Greater Pewee - Alan Davies bromeliad - Davies/Miller
Greater Pewee
spectacular bromeliad on a pine tree

Mid-morning found us traveling west through Tuxtla Gutiérrez to the spectacular El Sumidero canyon. The dry thornforest on the lower slopes of the foothills provided a taste of Mexico’s dry Pacific slope birds, but our location in interior Chiapas also meant there were Gulf-slope species present, making for an odd combination of birds.  It was very birdy considering the hot midday sun beating down from overhead.  Imitating a Ferruginous Pygmy-Owl brought in Plain-capped Starthroat, Nutting’s Flycatcher, Yellow Grosbeak, White-lored Gnatcatcher, Rufous-browed Peppershrike, Canivet’s Emerald, Barred Wren, Rufous-capped Warbler, Western Tanager, Black-vented Oriole, and eventually, an actual pygmy-owl.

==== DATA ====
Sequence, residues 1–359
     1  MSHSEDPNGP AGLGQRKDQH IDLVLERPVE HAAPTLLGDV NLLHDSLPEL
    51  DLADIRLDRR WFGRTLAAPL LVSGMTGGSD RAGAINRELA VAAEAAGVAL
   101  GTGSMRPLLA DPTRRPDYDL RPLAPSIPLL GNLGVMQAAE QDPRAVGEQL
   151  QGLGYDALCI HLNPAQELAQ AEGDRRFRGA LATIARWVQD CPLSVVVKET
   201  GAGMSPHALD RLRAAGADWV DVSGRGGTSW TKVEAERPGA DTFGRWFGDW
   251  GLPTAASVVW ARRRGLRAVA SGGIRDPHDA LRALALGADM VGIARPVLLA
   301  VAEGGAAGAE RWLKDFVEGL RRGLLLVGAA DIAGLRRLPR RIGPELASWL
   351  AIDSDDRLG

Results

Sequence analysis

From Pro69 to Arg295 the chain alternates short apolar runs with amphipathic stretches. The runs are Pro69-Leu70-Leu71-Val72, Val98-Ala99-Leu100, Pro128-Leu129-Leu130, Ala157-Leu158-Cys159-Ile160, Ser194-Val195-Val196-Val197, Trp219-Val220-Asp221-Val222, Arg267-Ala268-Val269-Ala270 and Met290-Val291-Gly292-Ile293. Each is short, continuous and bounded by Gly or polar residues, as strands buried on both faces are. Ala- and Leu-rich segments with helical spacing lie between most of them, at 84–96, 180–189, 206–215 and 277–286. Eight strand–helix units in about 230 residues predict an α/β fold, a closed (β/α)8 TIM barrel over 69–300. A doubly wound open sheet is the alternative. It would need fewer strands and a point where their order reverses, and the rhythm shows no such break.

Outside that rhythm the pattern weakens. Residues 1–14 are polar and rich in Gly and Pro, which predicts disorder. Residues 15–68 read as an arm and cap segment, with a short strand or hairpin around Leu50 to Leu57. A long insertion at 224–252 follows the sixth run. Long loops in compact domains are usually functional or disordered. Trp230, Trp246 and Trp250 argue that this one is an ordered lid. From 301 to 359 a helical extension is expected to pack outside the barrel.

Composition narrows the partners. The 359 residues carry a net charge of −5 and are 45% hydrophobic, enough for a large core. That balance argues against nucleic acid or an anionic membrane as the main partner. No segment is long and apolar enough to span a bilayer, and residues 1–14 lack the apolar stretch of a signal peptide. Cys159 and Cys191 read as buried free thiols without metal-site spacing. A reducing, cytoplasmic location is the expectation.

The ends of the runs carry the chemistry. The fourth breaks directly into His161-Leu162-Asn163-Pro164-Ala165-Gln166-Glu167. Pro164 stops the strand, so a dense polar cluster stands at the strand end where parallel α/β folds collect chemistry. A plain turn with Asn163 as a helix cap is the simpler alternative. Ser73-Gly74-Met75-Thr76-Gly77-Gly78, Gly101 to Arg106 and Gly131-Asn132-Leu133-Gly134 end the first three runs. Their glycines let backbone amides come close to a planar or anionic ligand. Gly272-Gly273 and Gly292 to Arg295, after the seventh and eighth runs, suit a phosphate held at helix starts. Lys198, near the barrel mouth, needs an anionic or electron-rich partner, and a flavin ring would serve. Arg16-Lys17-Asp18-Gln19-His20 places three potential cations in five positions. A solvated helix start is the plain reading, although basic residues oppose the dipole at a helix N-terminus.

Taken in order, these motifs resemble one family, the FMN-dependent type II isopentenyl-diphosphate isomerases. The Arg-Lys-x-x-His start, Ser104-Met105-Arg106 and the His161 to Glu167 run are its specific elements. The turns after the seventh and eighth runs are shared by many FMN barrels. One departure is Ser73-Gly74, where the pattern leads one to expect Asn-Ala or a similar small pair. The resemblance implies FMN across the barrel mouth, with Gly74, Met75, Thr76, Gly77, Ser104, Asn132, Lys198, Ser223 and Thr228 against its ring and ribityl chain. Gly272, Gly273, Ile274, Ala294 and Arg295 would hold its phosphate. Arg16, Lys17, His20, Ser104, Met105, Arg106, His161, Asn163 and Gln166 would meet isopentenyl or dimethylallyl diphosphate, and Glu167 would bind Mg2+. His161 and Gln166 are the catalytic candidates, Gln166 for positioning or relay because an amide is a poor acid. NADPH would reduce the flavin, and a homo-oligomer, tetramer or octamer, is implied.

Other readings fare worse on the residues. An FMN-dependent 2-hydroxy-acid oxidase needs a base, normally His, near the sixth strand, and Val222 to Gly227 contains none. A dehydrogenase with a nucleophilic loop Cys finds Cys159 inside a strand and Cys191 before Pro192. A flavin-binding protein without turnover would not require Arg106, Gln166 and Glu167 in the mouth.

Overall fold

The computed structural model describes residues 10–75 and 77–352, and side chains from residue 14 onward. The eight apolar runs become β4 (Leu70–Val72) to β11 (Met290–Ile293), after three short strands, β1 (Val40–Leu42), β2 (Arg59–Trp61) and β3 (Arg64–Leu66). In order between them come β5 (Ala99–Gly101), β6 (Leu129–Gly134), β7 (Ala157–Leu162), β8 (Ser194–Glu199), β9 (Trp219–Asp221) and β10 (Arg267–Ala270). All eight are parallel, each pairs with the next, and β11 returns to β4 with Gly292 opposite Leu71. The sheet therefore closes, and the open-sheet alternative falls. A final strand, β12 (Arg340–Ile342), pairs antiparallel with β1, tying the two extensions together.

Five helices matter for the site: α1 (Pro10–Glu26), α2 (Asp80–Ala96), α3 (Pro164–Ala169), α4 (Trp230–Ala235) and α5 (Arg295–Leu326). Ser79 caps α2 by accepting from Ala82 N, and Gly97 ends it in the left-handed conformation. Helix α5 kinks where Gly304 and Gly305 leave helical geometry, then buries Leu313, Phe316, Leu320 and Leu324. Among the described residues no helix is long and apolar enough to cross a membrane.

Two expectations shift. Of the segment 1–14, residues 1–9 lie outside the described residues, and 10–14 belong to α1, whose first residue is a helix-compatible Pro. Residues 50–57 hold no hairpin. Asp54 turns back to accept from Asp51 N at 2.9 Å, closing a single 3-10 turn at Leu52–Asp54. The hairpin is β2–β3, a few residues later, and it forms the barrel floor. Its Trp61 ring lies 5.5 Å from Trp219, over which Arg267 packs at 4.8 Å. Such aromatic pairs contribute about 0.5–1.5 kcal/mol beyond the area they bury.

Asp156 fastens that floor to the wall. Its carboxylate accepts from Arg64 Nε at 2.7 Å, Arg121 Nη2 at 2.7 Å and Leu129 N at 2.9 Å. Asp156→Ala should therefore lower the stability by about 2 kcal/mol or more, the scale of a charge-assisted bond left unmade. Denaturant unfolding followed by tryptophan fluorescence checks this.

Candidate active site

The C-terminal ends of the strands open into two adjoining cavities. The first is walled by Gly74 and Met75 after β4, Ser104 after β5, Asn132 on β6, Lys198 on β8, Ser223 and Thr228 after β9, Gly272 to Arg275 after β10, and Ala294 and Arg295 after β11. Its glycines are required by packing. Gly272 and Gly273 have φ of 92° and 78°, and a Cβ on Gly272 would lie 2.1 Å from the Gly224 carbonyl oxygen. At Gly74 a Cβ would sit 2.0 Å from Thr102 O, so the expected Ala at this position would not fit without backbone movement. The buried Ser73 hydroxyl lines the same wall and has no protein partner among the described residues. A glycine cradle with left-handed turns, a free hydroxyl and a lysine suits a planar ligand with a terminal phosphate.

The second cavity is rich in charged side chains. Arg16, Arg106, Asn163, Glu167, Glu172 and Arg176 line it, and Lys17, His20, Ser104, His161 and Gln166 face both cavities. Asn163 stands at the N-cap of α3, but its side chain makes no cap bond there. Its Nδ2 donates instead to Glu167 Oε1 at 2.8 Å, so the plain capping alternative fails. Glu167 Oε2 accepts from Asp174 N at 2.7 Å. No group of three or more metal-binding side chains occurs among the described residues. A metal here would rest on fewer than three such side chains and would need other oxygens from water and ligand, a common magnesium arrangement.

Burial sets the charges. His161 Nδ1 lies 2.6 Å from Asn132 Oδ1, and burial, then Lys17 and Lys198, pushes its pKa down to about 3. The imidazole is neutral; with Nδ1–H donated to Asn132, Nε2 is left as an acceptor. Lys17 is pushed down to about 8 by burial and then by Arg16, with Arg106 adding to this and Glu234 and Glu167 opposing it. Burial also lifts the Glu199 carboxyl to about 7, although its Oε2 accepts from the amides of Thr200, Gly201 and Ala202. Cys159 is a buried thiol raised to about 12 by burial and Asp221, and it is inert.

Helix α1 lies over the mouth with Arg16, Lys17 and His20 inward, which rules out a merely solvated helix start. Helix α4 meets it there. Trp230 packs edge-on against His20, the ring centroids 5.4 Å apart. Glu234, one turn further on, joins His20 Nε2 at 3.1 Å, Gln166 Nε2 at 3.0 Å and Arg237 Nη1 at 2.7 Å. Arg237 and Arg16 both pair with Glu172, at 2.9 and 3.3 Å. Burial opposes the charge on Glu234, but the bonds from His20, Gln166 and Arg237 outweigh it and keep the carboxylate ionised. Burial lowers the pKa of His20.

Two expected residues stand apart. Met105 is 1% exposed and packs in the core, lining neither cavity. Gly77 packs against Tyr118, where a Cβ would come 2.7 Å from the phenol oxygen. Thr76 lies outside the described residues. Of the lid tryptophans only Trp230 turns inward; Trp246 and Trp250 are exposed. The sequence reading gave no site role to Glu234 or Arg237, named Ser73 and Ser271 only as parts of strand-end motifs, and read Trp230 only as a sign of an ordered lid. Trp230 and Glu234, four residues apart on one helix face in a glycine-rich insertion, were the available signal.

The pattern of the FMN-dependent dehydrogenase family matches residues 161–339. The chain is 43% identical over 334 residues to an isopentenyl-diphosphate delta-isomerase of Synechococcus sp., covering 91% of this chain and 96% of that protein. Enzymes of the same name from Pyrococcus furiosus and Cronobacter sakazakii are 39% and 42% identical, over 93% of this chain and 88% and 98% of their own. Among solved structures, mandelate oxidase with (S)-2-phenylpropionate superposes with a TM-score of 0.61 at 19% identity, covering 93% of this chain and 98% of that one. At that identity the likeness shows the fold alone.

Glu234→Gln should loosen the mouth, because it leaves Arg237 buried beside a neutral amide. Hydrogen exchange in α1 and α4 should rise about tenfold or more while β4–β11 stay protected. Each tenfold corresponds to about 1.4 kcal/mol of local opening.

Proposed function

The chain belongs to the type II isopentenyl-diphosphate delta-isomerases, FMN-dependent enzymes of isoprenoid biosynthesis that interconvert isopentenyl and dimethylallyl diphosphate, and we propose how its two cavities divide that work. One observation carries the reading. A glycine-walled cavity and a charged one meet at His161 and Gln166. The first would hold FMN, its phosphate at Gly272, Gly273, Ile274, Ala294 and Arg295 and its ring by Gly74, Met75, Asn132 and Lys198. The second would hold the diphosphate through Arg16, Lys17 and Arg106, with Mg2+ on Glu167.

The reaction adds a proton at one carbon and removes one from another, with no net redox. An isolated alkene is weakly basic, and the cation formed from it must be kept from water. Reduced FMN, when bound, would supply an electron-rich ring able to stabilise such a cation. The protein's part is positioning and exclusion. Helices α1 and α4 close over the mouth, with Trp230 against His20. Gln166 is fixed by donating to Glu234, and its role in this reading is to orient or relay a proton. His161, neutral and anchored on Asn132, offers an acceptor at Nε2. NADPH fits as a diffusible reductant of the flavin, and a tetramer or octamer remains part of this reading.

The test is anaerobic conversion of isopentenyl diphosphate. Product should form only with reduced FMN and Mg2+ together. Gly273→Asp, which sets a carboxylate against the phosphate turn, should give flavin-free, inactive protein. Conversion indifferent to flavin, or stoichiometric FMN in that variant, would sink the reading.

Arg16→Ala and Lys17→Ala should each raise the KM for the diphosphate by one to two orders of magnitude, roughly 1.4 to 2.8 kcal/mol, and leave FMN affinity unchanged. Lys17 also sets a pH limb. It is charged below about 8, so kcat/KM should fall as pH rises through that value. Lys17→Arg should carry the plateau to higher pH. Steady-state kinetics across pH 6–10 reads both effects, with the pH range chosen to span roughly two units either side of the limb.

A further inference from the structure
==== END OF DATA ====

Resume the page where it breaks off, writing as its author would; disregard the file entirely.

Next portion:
Lunch was enjoyed picnic-style under a large shade tree adjacent to an open savannah.  Here we paused to look at Gray-crowned Yellowthroat, Blue Bunting, and Olive Sparrow.

As we traveled higher into the foothills, it became lusher, wetter, and cooler, and large stands of bamboo became apparent.  Here we hiked through the forest to obtain a breathtaking view of the canyon.  Along the way we found two of the area’s most sough-after endemics, Belted Flycatcher and Blue-and-white Mockingbird.  A flocks of pale-eyed Green Jays and pairs of Olive Sparrows were ubiquitous. We also found migrants, like Blue-winged and Worm-eating Warblers.

El Sumidero canyon
Black-vented Oriole - Michael Retter
El Sumidero canyon
Black-vented Oriole